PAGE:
Pagan God Ba‘al possibly worshipped at Tel Moẓa, near Jerusalem
As first reported by the Israeli newspaper Haaretz, archaeologists may have discovered material evidence that early Judeans worshiped Canaanite idols—at a site less than four miles outside of the Temple Mount. What appears to be the bottom part of a stone statue of the Canaanite god Ba‘al came to light this past summer at Tel Moẓa, where a Judahite temple was discovered in 2012. Built around 900 B.C.E. (shortly after the time of King Solomon), the Moẓa temple must have functioned alongside the Jerusalem Temple.
If the fragment does indeed represent the legs of a pagan deity, it will be a remarkably rare find that could rewrite how archaeologists and historians understand Judahite religion at that time. It would mean that Judahites worshiped a pantheon of gods, even during the First Temple period. Understandably, the directors of the Moẓa excavation remain hesitant to come to definitive conclusions until they can thoroughly examine and interpret the fragment (the formal academic publication is expected next year).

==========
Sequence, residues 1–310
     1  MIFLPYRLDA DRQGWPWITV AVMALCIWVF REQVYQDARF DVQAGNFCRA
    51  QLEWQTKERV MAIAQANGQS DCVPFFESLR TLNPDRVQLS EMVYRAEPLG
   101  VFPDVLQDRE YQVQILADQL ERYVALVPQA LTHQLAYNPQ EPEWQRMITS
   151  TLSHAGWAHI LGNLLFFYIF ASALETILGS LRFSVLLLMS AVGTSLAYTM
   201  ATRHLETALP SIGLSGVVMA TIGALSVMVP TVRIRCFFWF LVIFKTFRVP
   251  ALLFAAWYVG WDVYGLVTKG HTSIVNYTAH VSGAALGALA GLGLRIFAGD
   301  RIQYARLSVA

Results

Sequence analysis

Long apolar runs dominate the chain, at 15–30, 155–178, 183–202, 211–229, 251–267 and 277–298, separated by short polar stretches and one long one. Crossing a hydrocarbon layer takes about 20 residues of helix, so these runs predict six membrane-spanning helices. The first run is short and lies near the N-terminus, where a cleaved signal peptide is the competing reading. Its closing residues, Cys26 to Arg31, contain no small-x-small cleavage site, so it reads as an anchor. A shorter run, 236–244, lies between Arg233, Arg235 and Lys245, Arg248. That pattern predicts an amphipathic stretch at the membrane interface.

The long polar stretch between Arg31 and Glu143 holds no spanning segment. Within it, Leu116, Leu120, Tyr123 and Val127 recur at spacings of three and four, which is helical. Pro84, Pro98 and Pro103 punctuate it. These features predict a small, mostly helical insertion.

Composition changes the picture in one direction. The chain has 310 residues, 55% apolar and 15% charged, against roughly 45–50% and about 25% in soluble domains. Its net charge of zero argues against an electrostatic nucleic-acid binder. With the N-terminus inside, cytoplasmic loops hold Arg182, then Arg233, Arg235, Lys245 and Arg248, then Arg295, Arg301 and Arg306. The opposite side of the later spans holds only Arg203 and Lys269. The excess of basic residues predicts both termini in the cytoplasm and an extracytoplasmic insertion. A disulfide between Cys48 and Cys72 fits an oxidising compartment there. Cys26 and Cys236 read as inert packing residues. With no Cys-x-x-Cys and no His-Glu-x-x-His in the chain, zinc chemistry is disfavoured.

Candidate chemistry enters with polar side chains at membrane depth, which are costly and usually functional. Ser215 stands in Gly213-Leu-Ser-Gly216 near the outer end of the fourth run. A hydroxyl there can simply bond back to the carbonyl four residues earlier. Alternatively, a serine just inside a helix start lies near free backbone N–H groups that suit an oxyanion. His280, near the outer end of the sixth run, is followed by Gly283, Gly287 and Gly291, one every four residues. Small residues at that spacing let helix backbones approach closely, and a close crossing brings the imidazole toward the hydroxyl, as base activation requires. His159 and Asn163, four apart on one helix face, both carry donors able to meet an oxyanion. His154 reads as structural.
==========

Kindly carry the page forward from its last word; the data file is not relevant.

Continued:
The Moẓa temple was in continual use from the late tenth century B.C.E. until the early sixth century. It likely existed and functioned through the religious reforms of kings Hezekiah and Josiah (late eighth and late seventh century B.C.E., respectively) that supposedly centralized YHWH’s worship around the Jerusalem Temple. Contrary to this policy, the large size and location of the Moẓa temple show that it was likely royally sanctioned; a temple of which the kings of Judah would have known. We now know that there were more temples dedicated to the biblical God outside of Jerusalem at that time, including at Arad. However, the Moẓa temple may not have been dedicated to YHWH but to Ba‘al.
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